(Beitar Jerusalem’s far-right fans with banners in support of their ‘pure’ club. Photo Credit: AFP)
(Beitar Jerusalem’s far-right fans with banners in support of their ‘pure’ club. Photo Credit: AFP)

It’s not often that a club gets to break 77 years of strongly preserved history, but 19-yr-old Dzhabrail Kadiev playing his first game on Sunday, did that and much more.

By playing for merely 10 minutes, he gave Jerusalem — in the stadium and outside of it — a lot to ponder about. But with any change comes unpredictability as well as opportunity. In the case of Beitar Jersusalem, a club that has held its pride in the fact that it is the only club that has not had an Arab player, the case is beyond changeability. Certain hardliner fans of the club, known as the La Familia, had openly displayed their perspective on positivity based on previously created distortions and their versions of “truths.”

Since word leaked out that owner Arcadi Gaydamak was in talks with Russian side Terek Grozny to bring across two young players to the Teddy stadium, the Ultra/hooligans/La Familia (however you would want to refer to them as) had shown their displeasure.

In a league game against Bnei Yehuda late last month, fans exhibited a massive banner reading “Beitar pure forever”, with three fans accused of chanting racist slurs including “death to Arabs” and “burn their villages”.

The incident led to the club being disciplined and ordered closure of the Stadium’s 7,000-seat eastern grandstand, home stand to the La Familia, for five games. They were also handed a fine of 50,000 shekels ($13,500).

A fourth was charged for a similar offense after he turned up with dozen more fans at the training grounds of the club on January 31st to disrupt the two Muslim recruit’s first training session with the team.

He wore a shirt scribed racist caricatures with “L.F. Death to Muhammad. 100% opposed.” while waving a banner with a picture of former Nigerian Muslim member of the team (Ndala Ibrahim) and a statement from him “I wouldn’t recommend for a Muslim to join Betar. The extremists won’t change.” (In 2005, Ndala was the first Muslim to join the club though he only lasted for a very short period).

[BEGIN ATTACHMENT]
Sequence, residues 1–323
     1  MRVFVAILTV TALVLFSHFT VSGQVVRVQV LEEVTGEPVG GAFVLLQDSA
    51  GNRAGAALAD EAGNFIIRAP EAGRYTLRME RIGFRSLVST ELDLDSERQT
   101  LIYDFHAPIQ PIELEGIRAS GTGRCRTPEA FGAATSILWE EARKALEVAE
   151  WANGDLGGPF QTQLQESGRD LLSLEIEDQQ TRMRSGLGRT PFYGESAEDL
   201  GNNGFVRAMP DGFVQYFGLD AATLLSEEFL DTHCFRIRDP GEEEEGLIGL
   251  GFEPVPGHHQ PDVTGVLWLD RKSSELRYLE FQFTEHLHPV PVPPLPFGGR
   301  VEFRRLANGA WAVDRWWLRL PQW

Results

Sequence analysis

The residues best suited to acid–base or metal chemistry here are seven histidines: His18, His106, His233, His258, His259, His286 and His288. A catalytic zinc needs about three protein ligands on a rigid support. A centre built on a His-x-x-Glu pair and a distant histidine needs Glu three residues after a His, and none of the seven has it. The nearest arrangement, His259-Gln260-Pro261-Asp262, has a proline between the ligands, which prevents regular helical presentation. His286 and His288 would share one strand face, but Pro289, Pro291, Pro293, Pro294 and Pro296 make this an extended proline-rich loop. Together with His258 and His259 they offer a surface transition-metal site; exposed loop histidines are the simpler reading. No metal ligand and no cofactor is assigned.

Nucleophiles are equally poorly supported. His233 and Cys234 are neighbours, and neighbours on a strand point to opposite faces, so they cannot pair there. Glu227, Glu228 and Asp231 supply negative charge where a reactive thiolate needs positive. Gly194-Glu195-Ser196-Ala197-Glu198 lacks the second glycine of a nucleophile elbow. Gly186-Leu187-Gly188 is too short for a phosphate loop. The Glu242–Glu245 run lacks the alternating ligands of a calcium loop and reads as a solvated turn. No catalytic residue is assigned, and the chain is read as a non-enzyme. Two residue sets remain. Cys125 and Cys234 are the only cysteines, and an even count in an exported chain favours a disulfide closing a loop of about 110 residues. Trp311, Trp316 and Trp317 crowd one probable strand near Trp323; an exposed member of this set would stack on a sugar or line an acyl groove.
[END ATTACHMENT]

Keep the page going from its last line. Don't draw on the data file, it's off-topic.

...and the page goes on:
All four were indicted last Thursday.

The next day, Beitar’s main clubhouse was torched destroying valuable trophies and memorabilia. Officials are yet to figure out who the main perpetrators were.

Finally on Sunday, at the start of a “bust-up-guaranteed” game against their fierce rivals, Arab-Israeli side Bnei Sakhnin, 15 people were arrested for voicing their concerns – racially. Nine of them being fans of Sakhnin and 6 from Beitar. The same day that saw Kadiev wearing the Menorah crest of Beitar for the first time on the pitch.

So when will this all end?

Of course, a lot more slogging is required to get rid of this hatred. The six time league winners and a stronghold of Israel’s partisan right wing Likud party, is the only team in the Israel’s Ligat Ha’Al who had never signed an Arab player due to pure fan pressure. 

Change idealists recognize that change is good, that it allows them to develop, and that something healthier is in the making. A few Beitar fans realized it as it was visible at the sight of them standing and clapping for the 19-yr-old defender as he stepped in. But soon afterwards, the fervor was crushed by the jeers of the larger crowd on every touch Kadiev had on the ball.

But one of Gaydamak’s greatest legacies might be the stance he has currently set by bringing in the two players from a different religious background, and at the end of the day allowing sunlight in the dark chauvinistic corners of the Teddy stadium.

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